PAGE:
• 5. Support
  • Evaluation
  • Software Configuration Management
  • Documentation Development
  • Training

47
Milestone
  • A scheduled event used to measure progress.
  • A milestone should be an event with "success"
    criteria that can be objectively evaluated.

Milestone
Elicit Requirements
Analyze Requirements
Write Specification
Review Approval
Activities
Baseline Specification
48
Artifacts
  • Final Deliverables
  • What should we have when were finished? (not
    what code should we write)
  • Interim Deliverables
  • What do we need to get the job done?
  • Internal vs. External Artifacts

49
Key Artifacts
Interim
Final
  • Requirements
  • Analysis Design Models
  • Plan Documents
  • Test Plans, Procedures, Results
  • Meeting Minutes
  • Demo Builds
  • Code Libraries
  • API Documents
  • Executables
  • User Documents
  • Release Notes
  • Delivery Bundle
  • Install Documents

50
Process Essentials
  • The following slides are from
  • CMU 11-791 Software Engineering and IT

51
Key Process Concepts
  • Test Infrastructure Early
  • Reduce Technical Risk
  • Reduce Schedule Risk
  • Team for Success
  • Effective Meetings
  • Keep Models Updated
  • Incremental Approach
  • Synchronize Stabilize
  • Code Reviews
  • Use Bug Tracking
  • Use Version Control

52
Test Infrastructure Early
  • Example Which web app framework should I use?
  • Different costs tradeoffs
  • Training, documentation
  • Ease of use, stability
  • Platform issues, bugs, performance

If there is more than one technology choice for
your infrastructure, a skilled subteam should
test or prototype to enable a clear decision
53
Reduce Technical Risk
  • Examples
  • Adopting very new technology
  • Novel first use of technology
  • No safer alternative

Perform a feasibility study (or proof of
concept) which demonstrates that the new
technology will work for the function you intend
to implement, on the platform you wish use
54
Reduce Schedule Risk
  • Examples
  • Low confidence in estimates
  • No data for approach / technology
  • Large-scale tasks
  • content creation, test data creation, knowledge /
    rule development, etc.

Gather data on a sample task, extrapolate Consider
automation, tools Create contingency plan
55
Team for Success
  • Leverage skills of team members
  • Training / examples for others
  • Mentoring, subgroups
  • Infrastructure development / support
  • Inviting commitment vs. Unilateral task
    assignment
  • Frequent post-mortems, process adjustments
    whenever necessary

56
Run Effective Meetings
  • Agenda
  • Review action items from last meeting
  • Discuss new issues (elicit in meeting, too)
  • Assign new action items
  • Schedule next meeting
  • Minutes
  • Document attendance (note latecomers) Send an
    email update if you cant attend!
  • Document progress on old action items
  • Document decisions and pending issues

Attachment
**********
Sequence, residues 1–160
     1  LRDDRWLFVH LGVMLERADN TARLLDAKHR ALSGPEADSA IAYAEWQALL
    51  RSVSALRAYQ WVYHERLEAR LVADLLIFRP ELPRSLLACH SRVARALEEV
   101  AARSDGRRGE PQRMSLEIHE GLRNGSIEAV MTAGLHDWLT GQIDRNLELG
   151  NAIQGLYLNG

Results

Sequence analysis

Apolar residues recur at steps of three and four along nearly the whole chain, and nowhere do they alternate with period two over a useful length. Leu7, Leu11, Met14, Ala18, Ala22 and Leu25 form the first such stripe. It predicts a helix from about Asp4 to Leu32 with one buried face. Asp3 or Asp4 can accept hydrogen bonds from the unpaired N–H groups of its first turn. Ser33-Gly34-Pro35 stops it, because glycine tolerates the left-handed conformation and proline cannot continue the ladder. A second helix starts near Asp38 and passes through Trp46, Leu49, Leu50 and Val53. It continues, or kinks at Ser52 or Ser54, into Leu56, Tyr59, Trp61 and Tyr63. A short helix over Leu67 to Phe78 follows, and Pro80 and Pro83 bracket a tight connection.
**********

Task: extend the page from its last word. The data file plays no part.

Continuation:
• Document new action items
  • Email to all members

57
Effective Meetings 2
  • Meeting Roles
  • Moderator
  • Run the agenda, keep discussion focused and
    concise
  • Make sure all voices are heard
  • Tangents noted for later, or saved for a
    sub-meeting
  • Scribe
  • Responsible for meeting minutes
  • Timekeeper
  • Meeting roles should rotate among team members
    (week to week, phase to phase)

58
Effective Meetings 3
  • Keep meetings brief
  • One hour should suffice, except for a working
    meeting
  • The more people, the shorter the meeting (e.g.
    whole-project meetings should be kept short)
  • Spawn sub-group meetings to discuss substantive
    issues in more detail
  • Subgroups report back in main project meeting

59
Effective Meetings 4
  • Participation is essential
  • Arrive on time, dont leave early
  • Everyone has a voice
  • If absence is unavoidable
  • Send an update to the meeting leader via email
  • Read meeting minutes asap and clarify if
    necessary
  • Dont allow your absence to disrupt the project

60
Issue-Based Development
  • Organize teamwork around issues to be resolved as
    well as code to be written
  • Document discussion, assumptions, alternative
    solutions, and resolution for each issue
  • If assumptions change later, an alternative can
    be explored
  • (More in Bruegge Dutoit)

61
Keep Models Up To Date
  • Models are only useful if they describe what you
    are doing
  • Models get out of date easily
  • Details become visible during development
  • Design changes
  • Link issue resolution to action items update
    appropriate models

62
Consider an Incremental Approach
  • When working with a hard deadline
  • A means of mitigating technical and schedule
    risks
  • Guarantee you have something to deliver
  • Development is a series of stable, tested
    increments
  • PRO Always have working system
  • CON Extra overhead?

63
Synchronize Stabilize
  • Test early, test often
  • At level of individual class, module, or entire
    system
  • Synergy with incremental approach
  • Mitigates estimation risk in system integration
  • Microsofts approach (Cusamano, 1997)

64
(from Cusamano, 1997)
65
Use Bug Tracking
  • Manage enhancements, fixes to
  • Code
  • Test Suites
  • On-line resources (web)
  • Written documentation
  • (See Bugzilla slides from last lecture)

66
Code Reviews
  • At each milestone
  • One module per review
  • Code examined in advance